Set in the late 1980’s during the Iran/Ba’athist Iraq war, and made by a film-maker who survived a childhood forged in post-revolutionary Tehran, Under the Shadow makes a real case for being the most politically edifying horror film of the year.
But is it actually Scary ?
Feisty Shideh is struggling to cope with her anxious young daughter Dorsa after her husband deserts them for the front line. With nothing but a rapidly degenerating Jane Fonda Workout tape to preserve her sanity, the pressure mounts for her to abandon the beleaguered capital.
But, the ferociously stubborn Shideh refuses to be seen as human “shrapnel” in the eyes of her extended family, and elects to batten down the flimsy hatches of her apartment instead.
As the bombing offensive intensifies so does Shideh’s nightmare existence, and when a missile punctures her building but fails to detonate, they appear to of had a lucky escape. However, it soon transpires that the projectile has still managed to deliver an explosive payload….. of pure evil.
In order to clear the decks for some serious scaremongering the deceptively profound Under the Shadow triggers a number of narrative trapdoors quite early on, ensnaring Shideh in a folklore fashioned maternal straitjacket and subjecting her,and us, to a relentless assault of wonderfully orchestrated jump-scares.
These nerve vandalising set pieces are cemented liberally betwixt the powerful strata of social commentary and brooding feminism. They are manufactured from subtle camera tricks culled from the great masters, and seamlessly blended CGI chicanery that will put the willies up you for weeks.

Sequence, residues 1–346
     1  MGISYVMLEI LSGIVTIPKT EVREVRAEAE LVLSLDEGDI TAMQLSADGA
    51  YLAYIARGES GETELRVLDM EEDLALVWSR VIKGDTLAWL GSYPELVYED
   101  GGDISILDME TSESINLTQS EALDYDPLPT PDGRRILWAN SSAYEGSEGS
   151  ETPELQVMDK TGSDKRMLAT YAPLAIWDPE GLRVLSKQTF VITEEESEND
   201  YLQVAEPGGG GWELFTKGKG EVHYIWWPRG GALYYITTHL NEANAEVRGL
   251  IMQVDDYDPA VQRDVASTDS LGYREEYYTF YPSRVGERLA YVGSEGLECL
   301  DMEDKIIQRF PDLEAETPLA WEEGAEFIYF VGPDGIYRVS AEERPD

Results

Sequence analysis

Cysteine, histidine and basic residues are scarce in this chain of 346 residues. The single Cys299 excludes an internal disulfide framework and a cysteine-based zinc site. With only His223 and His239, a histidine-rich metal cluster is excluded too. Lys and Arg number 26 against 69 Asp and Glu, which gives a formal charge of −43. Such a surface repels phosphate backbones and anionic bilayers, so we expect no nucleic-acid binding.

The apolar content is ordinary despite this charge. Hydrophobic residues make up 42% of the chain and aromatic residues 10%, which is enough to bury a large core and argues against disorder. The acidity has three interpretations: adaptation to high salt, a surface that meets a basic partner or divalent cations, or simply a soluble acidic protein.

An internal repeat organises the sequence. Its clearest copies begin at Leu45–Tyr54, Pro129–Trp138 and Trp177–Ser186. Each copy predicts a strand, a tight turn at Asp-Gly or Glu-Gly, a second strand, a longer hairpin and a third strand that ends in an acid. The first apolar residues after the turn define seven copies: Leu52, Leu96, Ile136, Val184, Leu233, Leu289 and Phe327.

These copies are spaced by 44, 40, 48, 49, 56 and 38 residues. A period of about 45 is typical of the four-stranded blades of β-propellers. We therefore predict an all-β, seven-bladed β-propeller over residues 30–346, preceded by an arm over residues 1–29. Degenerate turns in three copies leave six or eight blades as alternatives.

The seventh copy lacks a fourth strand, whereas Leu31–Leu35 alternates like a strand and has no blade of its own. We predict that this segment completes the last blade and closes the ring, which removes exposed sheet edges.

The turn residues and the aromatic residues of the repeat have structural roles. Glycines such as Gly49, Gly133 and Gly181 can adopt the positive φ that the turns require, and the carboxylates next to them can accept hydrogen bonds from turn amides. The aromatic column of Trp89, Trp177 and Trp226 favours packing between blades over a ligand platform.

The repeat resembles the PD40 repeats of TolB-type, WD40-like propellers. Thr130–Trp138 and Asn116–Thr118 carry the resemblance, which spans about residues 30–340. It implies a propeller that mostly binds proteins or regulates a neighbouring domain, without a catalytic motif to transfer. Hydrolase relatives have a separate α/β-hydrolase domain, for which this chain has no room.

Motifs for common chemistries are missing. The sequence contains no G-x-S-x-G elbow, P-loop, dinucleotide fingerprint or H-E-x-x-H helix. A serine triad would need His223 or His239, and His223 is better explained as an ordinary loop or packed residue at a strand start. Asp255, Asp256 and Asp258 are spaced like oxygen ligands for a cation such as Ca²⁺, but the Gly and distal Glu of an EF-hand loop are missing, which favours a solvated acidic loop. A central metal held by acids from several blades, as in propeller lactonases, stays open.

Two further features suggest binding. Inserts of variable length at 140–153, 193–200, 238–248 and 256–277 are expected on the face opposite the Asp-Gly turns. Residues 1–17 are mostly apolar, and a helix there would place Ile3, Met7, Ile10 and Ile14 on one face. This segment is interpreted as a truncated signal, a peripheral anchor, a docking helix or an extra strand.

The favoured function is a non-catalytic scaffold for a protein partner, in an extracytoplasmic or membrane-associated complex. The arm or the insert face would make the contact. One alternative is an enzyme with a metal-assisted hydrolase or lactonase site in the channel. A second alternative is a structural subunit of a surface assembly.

The acting is solidly authentic, especially from the classy Narges Rashidi as the gracefully tough lead. There are times when you worry for her safety at the hands of the religious regime just as much as the diabolical djinn and that is a credit to her artistry.
Just like our heroine in his debut film, director Babak Anvari found solace and distraction in an illegally owned VCR. An adolescence spent gorging on a diet of VHS horror leaves behind a fascinating filter, through which this intimate depiction of the hopeless isolation of war, must pass.
Of course, this terrifying tank of slow burn anxiety-fuel leaves a flammable trail that leads directly to The Babadook. Paradoxically, the mother and child meet malevolent mind-fucker scenario is rendered with less subtlety here, and yet Under the Shadow attains a more richly complex, thematically layered texture.
Be warned, one configuration Under the Shadow clearly shares with the intelligent Aussie shocker is the secret recipe for industrial strength cinematic Marmite. Gorehounds will be left licking their own balls with boredom as they endure a total drought of the red stuff, and many a rave review will be met by a wave of baffled indifference.
To be honest, a low budget, Persian language, supernatural drama may not top your horror shopping list. But, in reality, whilst Under the Shadow may not occupy the same shelf space as mainstream fright films, it definitely owns the aisle.
The unorthodox geographical and cultural backdrop spices up familiar genre tropes no end, but this muscular little fright-flick never forgets its primary mandate is to put the fear of god into its audience.
There is a bitter-sweet irony beating at the heart of Anvari’s mosaical masterpiece that will see this picture surface in his homeland, not as a celebrated triumph, but in the same illegal, bootlegged form that originally spawned it.
And yes……. it’s fucking scary.
[rating=5] | Bradley Hadcroft
Horror, Supernatural |Iran, 2016 |Cert 15 |84 mins|USA Vertical Entertainment, Limited cinema and VOD October 7th, 2016/ UK Vertigo Releasing, Limited cinema release Out Now / Netflix | Dir. Babak Anvari|Cast. Narges Rashidi, Avin Manshadi, Bobby Naderi